The U.S. Supreme Court overturned its abhorrent Roe v. Wade decision Friday, upholding a Mississippi law in the landmark Dobbs v. Jackson Women’s Health Organization case.

  • How did the justices reach their decision?
  • What is its historic significance?
  • And what comes next for the pro-life movement?

On this bonus episode of “The Daily Signal Podcast,” Tom Jipping, a senior legal fellow for the Meese Center for Legal and Judicial Studies at The Heritage Foundation, answers those questions and more.

Read a lightly edited transcript of the interview below or listen to the episode.

Rob Bluey: What do you want our listeners to know about today’s landmark ruling?

Tom Jipping: It is an important decision, obviously. I think people need to focus not only on its result. And, of course, people have their own views about abortion and whether human life should be protected before birth. But when it comes to the Supreme Court doing something, let’s say rather than Congress doing it, we also need to focus on how it was done.

The fact is an anyone who thinks that the Supreme Court was wrong today in overruling Roe v. Wade, I think they have an obligation to explain why. They have an obligation to explain why Roe v. Wade was correctly decided, why it was an appropriate interpretation of the Constitution.

It’s not enough just to say, “I think abortion is OK and therefore I want what I want,” or something. We ought to expect our government institutions to operate with integrity and to do things the right way.

Roe v. Wade was probably the most disgraced, undermined, criticized, embarrassing decision in the history of the Supreme Court. And its biggest critics have been constitutional scholars who support access to abortion.

None of us ought to want to have a flawed, really egregiously wrong decision like that on the books—no matter what our opinion about abortion.

Correcting that mistake, even if it took 50 years to do it, I think that’s a good day. And people now need to focus on the hard work of interacting with our fellow citizens about an issue that’s this challenging so that the decisions are made the way they’re supposed to and that’s in our legislatures.

Bluey: What is the historical significance of today’s ruling? Obviously there have been other precedents that the court has overturned, which were wrongly decided. How does this stack up compared to those?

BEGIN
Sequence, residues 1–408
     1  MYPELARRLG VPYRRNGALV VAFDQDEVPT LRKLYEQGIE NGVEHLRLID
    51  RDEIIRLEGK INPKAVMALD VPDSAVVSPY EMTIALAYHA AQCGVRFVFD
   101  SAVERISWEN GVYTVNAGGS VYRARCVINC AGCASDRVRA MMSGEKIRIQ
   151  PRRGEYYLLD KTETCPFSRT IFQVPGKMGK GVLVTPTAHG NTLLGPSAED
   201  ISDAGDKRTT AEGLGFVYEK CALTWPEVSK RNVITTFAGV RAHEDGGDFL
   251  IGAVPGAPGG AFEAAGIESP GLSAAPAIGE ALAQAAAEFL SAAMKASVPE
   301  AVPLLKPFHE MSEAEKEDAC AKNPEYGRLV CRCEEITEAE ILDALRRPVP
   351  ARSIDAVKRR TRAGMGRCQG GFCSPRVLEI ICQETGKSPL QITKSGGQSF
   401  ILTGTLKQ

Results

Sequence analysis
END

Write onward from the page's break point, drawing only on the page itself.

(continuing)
Jipping: As Justice [Samuel] Alito wrote in this decision, no justice of the Supreme Court has ever said that the Supreme Court should never overrule a precedent. The Supreme Court has overruled itself more than 200 times. And the Supreme Court is open to doing that when they’ve attempted to interpret the Constitution.

The only way to correct a mistake like that would be to amend the Constitution, which is almost impossible. Or the Supreme Court has to admit its mistake and correct its error.

And so this is something the Supreme Court does all the time. They should be open to doing it. They don’t do it recklessly. I mean, the Supreme Court’s had probably 26 or 27 abortion cases over 50 years and now they’re finally doing it. So it’s not like this was a really rushed, hasty decision, but it is was egregiously wrong. And Justice Alito explained why.

I really encourage everyone to read it. Today there really isn’t any excuse for not doing stuff like that because it’s so easy to get your hands on the opinions. It’s on the Supreme Court website, read it. I realize it was written by a judge. And it’s in a little bit of legalese here and there. But read it, because the opinion that’s there explains the decision and that’s the best way to understand what the court did.

Bluey: I know you and others were excited to see what was in the draft opinion. Obviously, probably like me, you were disheartened that it leaked in May, but encouraged by some of the language that Justice Alito had used in the draft opinion. Did it substantively change from the time that we saw that leak versus what came out today?

Jipping: The leak was the first time anything like that had happened and was really a bad day for the Supreme Court as an institution. But if there was any silver lining, it was that there was a majority to address the right issues in the right way, coming to the right conclusions.

This official final opinion is probably 95% the same. It includes a section where Justice Alito responds to the dissenting justices. Those would be [Justices Elena] Kagan, [Sonia] Sotomayor and [Stephen] Breyer. And, of course, that wasn’t possible in the draft. Other than that, it’s basically the same. There’s strong language there. There’s a repeated assurance that this decision has nothing to do with other rights.

Don’t believe anyone who says that this is the first domino to fall and [Speaker] Nancy Pelosi was today claiming that, well, what’s next and all of that. No, the Supreme Court made it clear this is about abortion.

Abortion is unique. Even Roe v. Wade said abortion is inherently different than other rights. Why? Because it destroys an unborn child. And that’s a moral dilemma that doesn’t exist in any other situation. So we’re glad that the majority held and the opinion stayed the same. It was a strong opinion then, and it’s a strong opinion now.